I do appreciate your comments, btw! Thanks for the comparisons.

Patrick

Patrick,
As a vendor, I'm not supposed to pitch a particular line, but I suppose if I were ecumenical enough it might be allowed.
Here are some (only a few of many) good ones for you (I like them all):
Group A
Astro Tech AF70 13mm 70degree
Astro Tech Titan 15 70
Baader Planetarium Hyperion 13 68
Celestron Ultima LX 13 70
Celestron Luminos 15 82
Group B
Explore Scientific 82 Series 14 82
Explore Scientific 100 Series 14 100
Meade Xtreme Wide Angle 14 100
Nikon NAV-SW 14 72
Pentax SMC-XW 14 70
TeleVue Delos 14 72
TeleVue Nagler6 13 82
TeleVue Ethos 13 100
Vixen LVW Lanthanum ED Wide 13 65

Group A are the lower-priced bargains.
Group B are higher-priced and more highly reviewed.

#19 RAKing

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Posted 14 January 2014 - 04:53 PM

Another vote for the Nagler 13T6. Congrats on the new SV Patrick. :waytogo:


Here is another vote for the T6 Nagler series. :waytogo:

I have a small case filled with a 24mm Panoptic and four T6 Naglers (13, 9, 7, and 5mm) that I use with my 105mm Traveler. These are very small and light and they complement the Grab and Go nature of my scope.

All of the T6 Naglers Barlow very well (mine is the Zeiss 2x) and I have been up to 244x with my scope at times.

Congrats on the nice little SV!

Ron

#20 Starman81

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Posted 14 January 2014 - 06:04 PM

Patrick,

I can't speak to the N7 or D8, but I will recommend the 7 XW which will provide the most comfortable view you've ever experienced. The 7 will give great views at 90x and then fit perfectly your upper end of 180x with the Powermate.


I second the XW 7 recommendation. I use one for 71x in my 80mm f/6.25 refractor and also with the TV 2x and TV 2.5x Powermate for 143x and 179x. All 3 modes work wonderfully.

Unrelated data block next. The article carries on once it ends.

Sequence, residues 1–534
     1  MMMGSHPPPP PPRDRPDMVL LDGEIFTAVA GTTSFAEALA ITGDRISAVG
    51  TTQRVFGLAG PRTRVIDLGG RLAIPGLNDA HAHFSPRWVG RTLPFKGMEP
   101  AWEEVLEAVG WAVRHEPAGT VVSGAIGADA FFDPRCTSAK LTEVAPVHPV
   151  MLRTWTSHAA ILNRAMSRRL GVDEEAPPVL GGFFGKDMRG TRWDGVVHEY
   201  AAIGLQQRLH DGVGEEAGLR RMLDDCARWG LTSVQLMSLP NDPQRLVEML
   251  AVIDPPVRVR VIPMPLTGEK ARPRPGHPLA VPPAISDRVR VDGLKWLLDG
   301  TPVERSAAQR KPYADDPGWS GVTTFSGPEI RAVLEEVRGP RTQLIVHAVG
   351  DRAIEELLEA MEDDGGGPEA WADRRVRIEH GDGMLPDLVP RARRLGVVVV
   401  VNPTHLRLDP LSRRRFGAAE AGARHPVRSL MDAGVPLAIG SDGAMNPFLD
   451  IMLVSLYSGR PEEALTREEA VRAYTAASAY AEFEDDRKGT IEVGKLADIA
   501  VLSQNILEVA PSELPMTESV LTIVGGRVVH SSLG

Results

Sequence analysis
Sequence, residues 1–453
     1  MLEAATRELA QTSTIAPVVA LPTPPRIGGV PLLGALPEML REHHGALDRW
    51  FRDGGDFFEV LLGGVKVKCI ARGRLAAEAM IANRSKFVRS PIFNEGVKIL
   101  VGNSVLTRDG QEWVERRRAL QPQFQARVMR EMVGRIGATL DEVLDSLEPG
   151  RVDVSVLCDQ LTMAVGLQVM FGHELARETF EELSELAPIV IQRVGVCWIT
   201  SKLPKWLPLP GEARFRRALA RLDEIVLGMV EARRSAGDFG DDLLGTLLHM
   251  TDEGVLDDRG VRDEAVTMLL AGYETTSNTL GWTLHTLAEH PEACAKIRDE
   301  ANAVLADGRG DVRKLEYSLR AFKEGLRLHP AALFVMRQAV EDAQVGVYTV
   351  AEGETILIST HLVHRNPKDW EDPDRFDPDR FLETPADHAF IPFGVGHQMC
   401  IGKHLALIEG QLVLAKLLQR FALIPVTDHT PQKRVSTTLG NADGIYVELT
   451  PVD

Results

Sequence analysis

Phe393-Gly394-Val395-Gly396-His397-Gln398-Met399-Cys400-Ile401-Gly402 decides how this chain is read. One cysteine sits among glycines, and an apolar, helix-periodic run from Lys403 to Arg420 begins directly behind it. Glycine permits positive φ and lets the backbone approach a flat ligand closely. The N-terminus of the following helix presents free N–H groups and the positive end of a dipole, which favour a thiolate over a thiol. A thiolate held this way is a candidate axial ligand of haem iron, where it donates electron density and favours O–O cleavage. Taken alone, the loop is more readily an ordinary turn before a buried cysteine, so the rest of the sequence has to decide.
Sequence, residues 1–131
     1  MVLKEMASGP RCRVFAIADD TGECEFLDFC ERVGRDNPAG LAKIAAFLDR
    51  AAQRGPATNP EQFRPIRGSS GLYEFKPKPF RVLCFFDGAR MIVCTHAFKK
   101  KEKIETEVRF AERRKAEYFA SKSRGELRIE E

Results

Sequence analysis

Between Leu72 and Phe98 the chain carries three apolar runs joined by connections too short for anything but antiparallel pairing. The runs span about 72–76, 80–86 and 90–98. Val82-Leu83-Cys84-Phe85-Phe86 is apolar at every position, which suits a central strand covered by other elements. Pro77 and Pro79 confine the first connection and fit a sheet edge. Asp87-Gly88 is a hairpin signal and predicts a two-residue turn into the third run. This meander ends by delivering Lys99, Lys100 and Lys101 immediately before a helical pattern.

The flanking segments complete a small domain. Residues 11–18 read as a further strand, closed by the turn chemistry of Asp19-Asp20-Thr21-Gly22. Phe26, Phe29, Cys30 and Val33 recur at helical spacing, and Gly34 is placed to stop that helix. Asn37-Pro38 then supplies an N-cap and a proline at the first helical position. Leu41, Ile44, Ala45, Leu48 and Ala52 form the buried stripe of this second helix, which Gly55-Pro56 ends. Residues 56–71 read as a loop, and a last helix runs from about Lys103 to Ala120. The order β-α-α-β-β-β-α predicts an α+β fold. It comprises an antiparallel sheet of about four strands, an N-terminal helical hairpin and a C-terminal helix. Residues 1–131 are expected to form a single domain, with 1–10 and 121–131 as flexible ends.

#21 t.r.

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Posted 14 January 2014 - 06:11 PM

I'm suprised no one has mentioned a TV Nag 3-6 zoom. It will get you the 180x you mention and then some. When I had my 90's, it was the only eyepiece I would take out many times for doing lunar/planetary/doubles. Works at a low 105x too for many DSO's.

#22 John Miele

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Posted 14 January 2014 - 09:00 PM

Patrick,

I also use a barlowed 8mm to get that power (157x) and Jupiter remains sharp and contrasty in good seeing. Although the image is beginning to dim a bit and floaters begin to come into play (for me). I think you could go higher in power and still get a sharp view but the dimming and floater issues will start to become more problamatic. My favorite way to view planets is with a pair of binoviewers. I hav ean old pair of Burgess BVs with 17mm wide angle EPs. I screwed the bottom part of a barlow lens to the end of the BV so I can achieve focus and the views of planets are wonderful. I think that setup is operating around 130x. But in a BV everything looks "larger" to me and there is still a lot of contrast in the view. AND no issues with floaters using two eyes. I really only use the really high powers (180x to 220x) on double stars...John